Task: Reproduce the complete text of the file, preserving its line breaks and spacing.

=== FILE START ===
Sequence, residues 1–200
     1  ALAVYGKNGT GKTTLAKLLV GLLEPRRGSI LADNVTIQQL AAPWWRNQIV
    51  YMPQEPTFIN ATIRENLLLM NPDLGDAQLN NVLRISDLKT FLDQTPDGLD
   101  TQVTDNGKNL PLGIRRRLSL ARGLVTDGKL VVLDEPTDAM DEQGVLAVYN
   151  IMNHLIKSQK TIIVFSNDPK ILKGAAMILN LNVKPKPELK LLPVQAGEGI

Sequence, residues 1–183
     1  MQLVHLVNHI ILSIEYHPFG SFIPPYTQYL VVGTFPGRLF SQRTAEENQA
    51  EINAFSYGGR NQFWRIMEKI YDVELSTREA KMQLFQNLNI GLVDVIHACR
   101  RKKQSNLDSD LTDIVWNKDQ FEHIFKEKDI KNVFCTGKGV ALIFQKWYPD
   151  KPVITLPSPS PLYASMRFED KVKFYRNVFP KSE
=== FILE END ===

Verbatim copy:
Sequence, residues 1–200
     1  ALAVYGKNGT GKTTLAKLLV GLLEPRRGSI LADNVTIQQL AAPWWRNQIV
    51  YMPQEPTFIN ATIRENLLLM NPDLGDAQLN NVLRISDLKT FLDQTPDGLD
   101  TQVTDNGKNL PLGIRRRLSL ARGLVTDGKL VVLDEPTDAM DEQGVLAVYN
   151  IMNHLIKSQK TIIVFSNDPK ILKGAAMILN LNVKPKPELK LLPVQAGEGI

Sequence, residues 1–183
     1  MQLVHLVNHI ILSIEYHPFG SFIPPYTQYL VVGTFPGRLF SQRTAEENQA
    51  EINAFSYGGR NQFWRIMEKI YDVELSTREA KMQLFQNLNI GLVDVIHACR
   101  RKKQSNLDSD LTDIVWNKDQ FEHIFKEKDI KNVFCTGKGV ALIFQKWYPD
   151  KPVITLPSPS PLYASMRFED KVKFYRNVFP KSE